Admiral Igor Tenuykh—Ukrainian Navy
By all accounts the world economic crisis has had a significant impact on all spheres of activity in our country, including its armed forces. The 2009 defense budget was lower than had been expected. Consequently, the Ukrainian Navy received only 64 percent of the previous year's budget, with most of its money being spent on social programs. Despite these budget restrictions, the navy's maritime strategy, current operations, and structure have for the most part not been changed.
At this point, Ukraine does not have ambitions to extend a permanent military presence beyond the Black Sea region. Consequently, our maritime strategy is not so ambitious and does not require a significant amount of national resources. The strategy is mostly directed at typical duties including immediate reaction to and neutralization of any kind of threats from the sea and participation in multinational peace support and stability operations in the Black Sea and Mediterranean regions.
In that respect the Ukrainian Navy leadership took all necessary efforts to maintain the navy's ability to fulfill its tasks and objectives. Financial resources have been directed to sustain a sufficient level of sea, air, and ground training to support naval readiness. This allowed us to maintain operational capabilities and retain the core strength of the national naval forces.
In 2009, personnel training was mainly organized as theoretical. During the planning process the number of live training events was reduced to the necessary minimum. All activities were diverted to active use of shore-based training equipment and cold drills alongside the dock. Underway training for ships and aircraft was almost halved. A concentration of resources allowed us to conduct a main readiness training event—an operational exercise involving ships, naval aviation, naval coastal defense troops, and auxiliaries—with interaction of the army and air force.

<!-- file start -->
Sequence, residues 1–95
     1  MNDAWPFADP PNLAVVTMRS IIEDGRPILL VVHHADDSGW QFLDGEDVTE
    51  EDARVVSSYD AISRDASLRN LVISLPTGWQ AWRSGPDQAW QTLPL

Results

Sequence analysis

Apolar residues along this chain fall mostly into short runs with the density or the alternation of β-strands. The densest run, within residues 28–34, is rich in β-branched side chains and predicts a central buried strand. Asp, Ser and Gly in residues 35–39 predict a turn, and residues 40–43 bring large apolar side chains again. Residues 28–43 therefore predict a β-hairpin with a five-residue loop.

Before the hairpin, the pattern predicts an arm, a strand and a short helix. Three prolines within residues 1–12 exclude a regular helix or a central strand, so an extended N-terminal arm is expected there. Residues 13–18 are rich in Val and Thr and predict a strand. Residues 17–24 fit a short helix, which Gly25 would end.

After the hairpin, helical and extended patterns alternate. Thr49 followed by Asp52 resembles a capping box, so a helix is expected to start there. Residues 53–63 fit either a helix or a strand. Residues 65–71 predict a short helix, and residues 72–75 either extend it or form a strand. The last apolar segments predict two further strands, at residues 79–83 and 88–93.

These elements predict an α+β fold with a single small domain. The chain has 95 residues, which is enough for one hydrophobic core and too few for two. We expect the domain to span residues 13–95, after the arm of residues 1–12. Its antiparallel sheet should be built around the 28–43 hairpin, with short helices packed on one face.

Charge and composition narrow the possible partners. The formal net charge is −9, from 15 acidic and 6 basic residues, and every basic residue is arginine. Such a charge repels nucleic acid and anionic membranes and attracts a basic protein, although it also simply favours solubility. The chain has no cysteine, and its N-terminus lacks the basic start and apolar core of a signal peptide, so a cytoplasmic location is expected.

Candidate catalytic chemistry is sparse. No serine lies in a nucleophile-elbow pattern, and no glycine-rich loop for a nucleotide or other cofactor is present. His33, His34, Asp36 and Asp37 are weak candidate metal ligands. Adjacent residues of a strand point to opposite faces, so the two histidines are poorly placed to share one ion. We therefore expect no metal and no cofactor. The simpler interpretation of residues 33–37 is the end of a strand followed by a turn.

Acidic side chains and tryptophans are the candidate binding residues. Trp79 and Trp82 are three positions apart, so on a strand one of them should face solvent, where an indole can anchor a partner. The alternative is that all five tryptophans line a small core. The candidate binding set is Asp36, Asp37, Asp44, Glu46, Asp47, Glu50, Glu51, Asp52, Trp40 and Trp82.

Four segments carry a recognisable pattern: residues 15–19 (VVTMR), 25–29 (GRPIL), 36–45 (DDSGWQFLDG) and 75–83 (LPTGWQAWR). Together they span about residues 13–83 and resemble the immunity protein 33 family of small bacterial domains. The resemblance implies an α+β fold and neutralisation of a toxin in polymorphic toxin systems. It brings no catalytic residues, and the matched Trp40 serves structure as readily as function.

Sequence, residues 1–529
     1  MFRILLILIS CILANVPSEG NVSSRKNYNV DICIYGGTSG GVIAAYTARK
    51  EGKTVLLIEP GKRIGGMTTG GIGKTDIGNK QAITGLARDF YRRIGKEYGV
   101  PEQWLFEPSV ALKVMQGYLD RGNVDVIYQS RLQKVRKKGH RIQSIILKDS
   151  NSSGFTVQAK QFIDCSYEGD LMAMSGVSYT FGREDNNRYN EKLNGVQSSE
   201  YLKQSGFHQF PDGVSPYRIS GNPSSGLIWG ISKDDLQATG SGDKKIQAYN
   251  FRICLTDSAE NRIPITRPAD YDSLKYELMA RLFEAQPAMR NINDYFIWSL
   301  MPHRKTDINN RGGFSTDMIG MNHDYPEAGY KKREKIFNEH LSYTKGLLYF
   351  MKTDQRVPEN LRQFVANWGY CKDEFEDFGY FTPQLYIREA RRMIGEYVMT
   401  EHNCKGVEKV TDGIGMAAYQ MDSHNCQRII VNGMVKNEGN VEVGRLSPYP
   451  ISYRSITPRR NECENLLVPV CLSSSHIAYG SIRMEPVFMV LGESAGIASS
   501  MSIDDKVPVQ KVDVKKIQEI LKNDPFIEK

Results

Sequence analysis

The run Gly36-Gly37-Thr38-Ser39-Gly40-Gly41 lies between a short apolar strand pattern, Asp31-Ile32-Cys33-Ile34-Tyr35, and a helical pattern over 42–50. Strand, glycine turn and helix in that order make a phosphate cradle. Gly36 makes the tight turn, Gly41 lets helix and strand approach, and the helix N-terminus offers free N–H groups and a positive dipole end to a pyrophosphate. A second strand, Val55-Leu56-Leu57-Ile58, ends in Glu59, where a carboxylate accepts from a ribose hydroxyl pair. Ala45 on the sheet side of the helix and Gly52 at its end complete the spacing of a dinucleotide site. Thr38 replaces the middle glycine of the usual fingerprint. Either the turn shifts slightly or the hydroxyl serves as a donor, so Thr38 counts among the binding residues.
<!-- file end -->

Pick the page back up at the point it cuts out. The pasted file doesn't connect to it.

As a result, we can state that we are holding the navy's readiness status at the required level.
During the last year we also ensured the fulfillment of all Ukrainian international obligations in the security arena. One of our corvettes participated in the NATO-led antiterrorist Operation Active Endeavour in the Mediterranean, and our ships and staff officers participated in BLACKSEAFOR activations under the provisions of the Black Sea Naval Cooperation Task Group. A national exercise—Trust 2009—and a southern naval base site survey were conducted on the Black Sea under the provisions of the Document on Confidence and Security Building Measures in the Naval Field.
Moreover, the Ukrainian naval infantry battalion successfully carried out a peacekeeping mission in Kosovo as a part of KFOR. Further, we completed NATO Operational Capabilities Concept requirements at NATO Evaluation Level One for the frigate Getman Sagaydachny, corvette Ternopil, and landing ship Kostiantyn Olshansky, as well as NATO Self-evaluation Level One of our Anti-Sabotage Combat Team. All of these units were positively assessed in terms of interoperability with NATO forces and are planned to participate in rotation of the NATO Response Force.
In summary, the world economic crisis has impacted the Ukrainian Navy significantly. However, because of directive efforts of leadership and concentration of available financial resources on decisive elements, we have been able to maintain readiness at the required level.
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